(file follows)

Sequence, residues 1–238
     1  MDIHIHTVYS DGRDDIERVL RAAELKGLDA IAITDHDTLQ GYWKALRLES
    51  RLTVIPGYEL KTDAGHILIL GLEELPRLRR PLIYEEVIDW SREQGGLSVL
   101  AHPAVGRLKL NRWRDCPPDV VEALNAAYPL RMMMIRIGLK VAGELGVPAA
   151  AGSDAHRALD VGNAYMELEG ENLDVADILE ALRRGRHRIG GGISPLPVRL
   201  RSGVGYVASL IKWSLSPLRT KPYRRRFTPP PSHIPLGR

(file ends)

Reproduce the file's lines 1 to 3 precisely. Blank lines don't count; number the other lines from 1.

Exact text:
Sequence, residues 1–238
     1  MDIHIHTVYS DGRDDIERVL RAAELKGLDA IAITDHDTLQ GYWKALRLES
    51  RLTVIPGYEL KTDAGHILIL GLEELPRLRR PLIYEEVIDW SREQGGLSVL